Generosity II: The Georgia Power Foundation is contributing $1 million to support the state in COVID-19 recovery, in addition to the $1.5 million the utility has already committed to nonprofits. The contribution will focus on food insecurity, homelessness and displaced worker assistance. The company also suspended residential disconnections for 30 days beginning March 14. Source: Coosa Valley News
Educate online: The U.S. Department of Education has clarified that schools have flexibility to educate disabled students during the pandemic. A fact sheet noted that some educators “have been reluctant to provide any distance instruction because they believe that federal disability law presents insurmountable barriers to remote education. This is simply not true. We remind schools they should not opt to close or decline to provide distance instruction, at the expense of students, to address matters pertaining to services for students with disabilities. Rather, school systems must make local decisions that take into consideration the health, safety, and well-being of all their students and staff.”
Art education: The Smithsonian American Art Museum and Renwick Gallery, in Washington, D.C., are closed temporarily because of COVID-19. Take a digital tour of their digital resources, including online exhibitions, a huge library of videos and blog articles, and thousands of artworks recently released under a creative commons (CC0) license as part of the Smithsonian’s Open Access initiative.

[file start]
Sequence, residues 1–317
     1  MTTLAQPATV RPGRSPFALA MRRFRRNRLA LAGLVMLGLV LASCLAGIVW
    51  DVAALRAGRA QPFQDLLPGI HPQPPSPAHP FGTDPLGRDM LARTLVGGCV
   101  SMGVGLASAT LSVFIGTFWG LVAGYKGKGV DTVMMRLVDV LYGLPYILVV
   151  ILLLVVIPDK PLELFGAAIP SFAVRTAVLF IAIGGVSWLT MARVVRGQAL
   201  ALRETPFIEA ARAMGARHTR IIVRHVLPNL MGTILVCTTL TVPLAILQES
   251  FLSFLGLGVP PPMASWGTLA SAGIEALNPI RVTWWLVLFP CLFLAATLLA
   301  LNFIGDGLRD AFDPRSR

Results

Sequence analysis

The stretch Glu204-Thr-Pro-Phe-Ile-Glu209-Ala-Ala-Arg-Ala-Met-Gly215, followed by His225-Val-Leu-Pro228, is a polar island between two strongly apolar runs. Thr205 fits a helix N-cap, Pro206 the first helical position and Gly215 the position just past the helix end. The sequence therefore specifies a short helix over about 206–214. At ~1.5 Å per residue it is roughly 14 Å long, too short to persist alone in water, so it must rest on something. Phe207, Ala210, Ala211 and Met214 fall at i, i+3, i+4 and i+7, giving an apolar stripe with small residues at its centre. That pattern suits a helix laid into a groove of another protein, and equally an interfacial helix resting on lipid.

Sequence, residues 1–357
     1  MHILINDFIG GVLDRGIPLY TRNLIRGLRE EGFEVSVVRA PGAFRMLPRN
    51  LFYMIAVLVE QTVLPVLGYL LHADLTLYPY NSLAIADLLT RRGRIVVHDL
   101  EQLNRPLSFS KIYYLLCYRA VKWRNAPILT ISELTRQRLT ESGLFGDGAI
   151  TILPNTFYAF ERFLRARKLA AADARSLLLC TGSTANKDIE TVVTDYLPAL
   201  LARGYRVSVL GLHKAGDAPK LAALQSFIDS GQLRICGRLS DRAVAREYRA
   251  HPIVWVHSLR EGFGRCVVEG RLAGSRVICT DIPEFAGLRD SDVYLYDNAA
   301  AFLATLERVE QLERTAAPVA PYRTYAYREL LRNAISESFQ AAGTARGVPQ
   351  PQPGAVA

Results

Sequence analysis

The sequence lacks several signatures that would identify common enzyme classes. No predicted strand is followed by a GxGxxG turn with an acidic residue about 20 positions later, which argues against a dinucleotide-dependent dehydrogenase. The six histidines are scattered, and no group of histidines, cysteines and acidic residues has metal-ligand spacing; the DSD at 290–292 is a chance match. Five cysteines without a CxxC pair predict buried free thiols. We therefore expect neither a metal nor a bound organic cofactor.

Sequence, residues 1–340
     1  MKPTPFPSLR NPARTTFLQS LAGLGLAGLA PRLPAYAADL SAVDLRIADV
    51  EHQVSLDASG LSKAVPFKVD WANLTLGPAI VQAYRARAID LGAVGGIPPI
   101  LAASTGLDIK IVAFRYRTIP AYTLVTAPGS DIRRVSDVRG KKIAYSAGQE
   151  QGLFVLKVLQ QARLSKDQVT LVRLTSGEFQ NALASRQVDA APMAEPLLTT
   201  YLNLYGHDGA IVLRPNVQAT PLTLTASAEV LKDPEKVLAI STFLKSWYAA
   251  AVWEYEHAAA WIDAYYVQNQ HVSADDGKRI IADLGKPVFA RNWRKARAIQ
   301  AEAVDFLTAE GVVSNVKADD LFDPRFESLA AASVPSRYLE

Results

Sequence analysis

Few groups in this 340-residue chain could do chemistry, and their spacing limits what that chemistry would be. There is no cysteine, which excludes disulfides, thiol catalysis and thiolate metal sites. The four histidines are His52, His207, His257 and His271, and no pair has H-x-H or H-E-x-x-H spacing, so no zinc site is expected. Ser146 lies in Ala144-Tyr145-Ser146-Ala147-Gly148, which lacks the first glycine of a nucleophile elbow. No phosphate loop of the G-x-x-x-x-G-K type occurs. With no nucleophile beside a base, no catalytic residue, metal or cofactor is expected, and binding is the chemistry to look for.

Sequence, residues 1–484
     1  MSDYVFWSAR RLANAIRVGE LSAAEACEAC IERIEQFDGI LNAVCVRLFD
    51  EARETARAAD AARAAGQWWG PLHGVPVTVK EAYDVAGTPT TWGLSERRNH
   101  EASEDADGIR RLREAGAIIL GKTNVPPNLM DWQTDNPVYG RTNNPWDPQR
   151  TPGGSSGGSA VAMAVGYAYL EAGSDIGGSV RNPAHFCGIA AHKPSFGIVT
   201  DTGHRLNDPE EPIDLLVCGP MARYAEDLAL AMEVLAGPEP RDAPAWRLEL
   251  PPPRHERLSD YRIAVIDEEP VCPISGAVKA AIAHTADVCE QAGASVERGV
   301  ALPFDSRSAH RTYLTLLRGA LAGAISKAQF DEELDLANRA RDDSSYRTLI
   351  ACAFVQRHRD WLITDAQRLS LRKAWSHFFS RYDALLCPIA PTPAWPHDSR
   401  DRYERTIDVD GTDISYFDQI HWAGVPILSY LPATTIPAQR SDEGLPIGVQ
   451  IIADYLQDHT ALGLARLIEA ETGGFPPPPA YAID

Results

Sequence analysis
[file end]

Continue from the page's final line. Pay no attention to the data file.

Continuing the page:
Sinking: COVID-19 took its toll on employment for the second week in a row, in Georgia and in the nation. The Georgia Department of Labor reported it processed 133,820 unemployment claims for March 22-28, the highest number processed in a week in Georgia and an increase of 1102% over the week ending March 21, which had 12,140 claims. Nationwide, a record 6.65 million filed claims last week as more states enforced stay-at-home measures. That is a 99% increase over the previous week, when 3.3 million claims were filed, according to the U.S. Department of Labor.
Silver lining: Georgia’s economy is the nation’s least-exposed state to the coronavirus fallout, according to a new WalletHub ranking. It found Georgia to have the least vulnerability to its “high impact industries and workforce.” The state ranked 18th for its share of employment in the hospitality and marketing businesses but 40th in the vulnerability of its arts, entertainment and recreation workforce. At greatest risk is Louisiana.
New normal: As stay-at-home orders demonstrate employees’ ability to work from home, CEOs say “shedding office space will be a high priority once things get back to normal,” writes Marshall Toplansky in Newgeography.com. He warns the economic impact could be significant. “According to IBIS World, the total U.S. commercial real estate market (including retail space) is $1.2 trillion per year. Therefore, the remote work trend could deliver a blow of between 2% and 5% to total industry revenues.”
Taxes and spending
Tough times ahead: Three forces will affect state budgets amid COVID-19, the Independent Women’s Forum points out. The lack of tourism dollars will affect states like Florida, Nevada and Louisiana, which depend on the sales tax for hefty chunks of their budget. The volatile stock market will affect California and New York, both heavily dependent on capital gains taxes. Layoffs will affect the 31 states that rely on income taxes for most of their revenue.
This month in the archives: In April 10 years ago, the Foundation published, “New Center Brings a Dose of Budget Reality to Georgia.” It noted, “The key to controlling taxes is controlling expenditures, and controlling government’s growth is key to that.”
Visit www.georgiapolicy.org to read the Foundation’s latest commentary, “Hybrid Home Schools Offer Families Options Amid Coronavirus Uncertainty,” by Eric Wearne.
Have a safe weekend!
Kyle Wingfield and Benita Dodd